Japan hauls record sales tax revenue amid pandemic
Japan’s sales tax revenue went over 20 trillion yen ($180 billion) in the last fiscal year, the first time since the levy was imposed more than three decades ago.
The country’s last sales tax hike to 10% from 8% in October 2019 stifled private consumption that makes up more than half of its economy and ushered Japan into an economic downturn through June 2020.
Then-Prime Minister Shinzo Abe stated at the time that Japan would not raise the tax rate again for a decade, amid other lawmakers’ calls for a sales tax cut to 5% or to do away with it altogether.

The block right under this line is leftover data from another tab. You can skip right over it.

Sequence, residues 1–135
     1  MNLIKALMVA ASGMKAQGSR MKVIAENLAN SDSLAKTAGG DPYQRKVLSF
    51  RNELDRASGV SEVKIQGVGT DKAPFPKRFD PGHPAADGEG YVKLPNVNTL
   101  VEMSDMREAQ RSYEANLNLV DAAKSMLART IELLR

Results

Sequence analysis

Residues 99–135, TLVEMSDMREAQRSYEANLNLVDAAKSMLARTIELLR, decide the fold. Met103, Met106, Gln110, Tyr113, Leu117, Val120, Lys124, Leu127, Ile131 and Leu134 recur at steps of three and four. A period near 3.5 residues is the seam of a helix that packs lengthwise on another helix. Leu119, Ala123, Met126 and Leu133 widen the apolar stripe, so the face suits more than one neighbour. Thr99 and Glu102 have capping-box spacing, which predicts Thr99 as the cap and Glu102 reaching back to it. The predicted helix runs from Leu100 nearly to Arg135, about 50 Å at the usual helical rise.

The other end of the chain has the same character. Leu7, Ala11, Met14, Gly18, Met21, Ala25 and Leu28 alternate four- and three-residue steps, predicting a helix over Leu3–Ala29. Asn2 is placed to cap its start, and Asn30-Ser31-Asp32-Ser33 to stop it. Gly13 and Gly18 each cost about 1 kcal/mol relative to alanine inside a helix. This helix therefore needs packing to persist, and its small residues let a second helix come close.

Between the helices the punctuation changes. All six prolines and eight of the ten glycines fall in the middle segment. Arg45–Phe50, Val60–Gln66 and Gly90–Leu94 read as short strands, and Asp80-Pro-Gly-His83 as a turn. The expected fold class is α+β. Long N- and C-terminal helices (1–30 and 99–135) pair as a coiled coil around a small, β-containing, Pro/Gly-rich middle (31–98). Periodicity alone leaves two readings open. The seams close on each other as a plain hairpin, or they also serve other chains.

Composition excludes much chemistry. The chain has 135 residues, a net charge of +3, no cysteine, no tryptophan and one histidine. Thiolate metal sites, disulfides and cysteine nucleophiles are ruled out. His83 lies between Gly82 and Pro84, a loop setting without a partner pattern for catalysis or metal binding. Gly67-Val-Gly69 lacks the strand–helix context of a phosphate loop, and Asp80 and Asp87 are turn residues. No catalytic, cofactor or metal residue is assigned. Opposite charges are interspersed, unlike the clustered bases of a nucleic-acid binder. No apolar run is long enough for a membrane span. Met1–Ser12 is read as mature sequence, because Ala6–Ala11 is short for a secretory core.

Revenue in the fiscal year that ended in March reached a total of 21 trillion yen, 2.6 trillion yen more than the 2019/20 fiscal. Income and corporate taxes garnered 19.2 trillion and 11.2 trillion, respectively.
Overall tax revenue likely surpassed 60 trillion yen to a record high, beating earlier estimates by around 5.7 trillion yen more.
The sales tax hike in fiscal 2020’s full-year effect, coupled with the demand for household durables in the midst of the COVID-19 pandemic, boosted sales tax income, sources, as well as analysts, said.
Japan has raised the sales tax to fund rapidly rising social security costs to support its ageing population.